“We live in the age of the subscription service model, so check everything from streaming services to monthly coffee deliveries and auto-refill shopping purchases,” she said.

If you’re not using a service — or know you don’t really need it — cancel it.

Tone Down Luxe Grocery Lists

“Have you noticed yourself saying ‘yes’ to any grocery impulse?” she asked. “Consider meal planning to prevent waste and reduce your exotic ingredient recipes.”

Simplify Your Social Life

“Carefully track your entertainment, restaurant and other out-of-home expenses to ensure you balance fun and financial savvy,” she said.

Pay Off Debt

“If you’ve been using credit cards or other lending options to pay for your recent expenses, immediately reassess spending and make a payoff plan,” she said. “When building your budget, don’t forget to account for interest accrued from credit cards or loans.”

Be Mindful of Discretionary Purchases

“It’s always beneficial to set short-term and long-term financial goals, even if the goal is simply to ‘plus up your everyday experiences,’” she said.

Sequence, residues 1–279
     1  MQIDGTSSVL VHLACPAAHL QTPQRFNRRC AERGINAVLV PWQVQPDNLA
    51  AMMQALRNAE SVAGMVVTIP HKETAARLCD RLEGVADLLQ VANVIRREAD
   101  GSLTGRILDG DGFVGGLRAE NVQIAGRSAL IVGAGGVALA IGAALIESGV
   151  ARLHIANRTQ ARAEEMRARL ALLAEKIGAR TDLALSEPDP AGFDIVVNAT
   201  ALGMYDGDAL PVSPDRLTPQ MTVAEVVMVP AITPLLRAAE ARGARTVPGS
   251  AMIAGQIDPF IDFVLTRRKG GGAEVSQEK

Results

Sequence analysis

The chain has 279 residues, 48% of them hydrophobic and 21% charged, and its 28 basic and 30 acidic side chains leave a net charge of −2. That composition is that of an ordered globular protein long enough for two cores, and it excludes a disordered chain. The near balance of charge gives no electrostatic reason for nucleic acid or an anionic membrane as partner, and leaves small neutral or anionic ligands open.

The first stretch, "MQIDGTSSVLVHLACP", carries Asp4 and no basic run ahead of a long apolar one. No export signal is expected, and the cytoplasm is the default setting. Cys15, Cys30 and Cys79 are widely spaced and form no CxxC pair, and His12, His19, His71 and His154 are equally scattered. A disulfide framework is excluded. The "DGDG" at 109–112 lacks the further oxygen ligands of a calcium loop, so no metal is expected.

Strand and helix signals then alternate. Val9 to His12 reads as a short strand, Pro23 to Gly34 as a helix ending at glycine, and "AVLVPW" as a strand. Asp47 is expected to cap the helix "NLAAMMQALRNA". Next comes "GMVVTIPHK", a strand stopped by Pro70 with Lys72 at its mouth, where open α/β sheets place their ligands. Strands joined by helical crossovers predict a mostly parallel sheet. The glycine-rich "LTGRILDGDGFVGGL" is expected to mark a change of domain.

Ultimately, she said setting realistic goals can allow you to achieve financial success, without falling victim to lifestyle creep.

“If something like a vacation home or a gold-star charcuterie spread is really important to you, then it will be similarly important to create a budget and plan to accomplish that goal without sacrificing your financial stability,” she said.

You should enjoy the money you work hard to earn, but not so much that you sacrifice your financial health and subsequently derail your future goals.

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This article originally appeared on GOBankingRates.com: I’m a Financial Advisor: Here’s How You Can Limit Lifestyle Creep and Still Live Well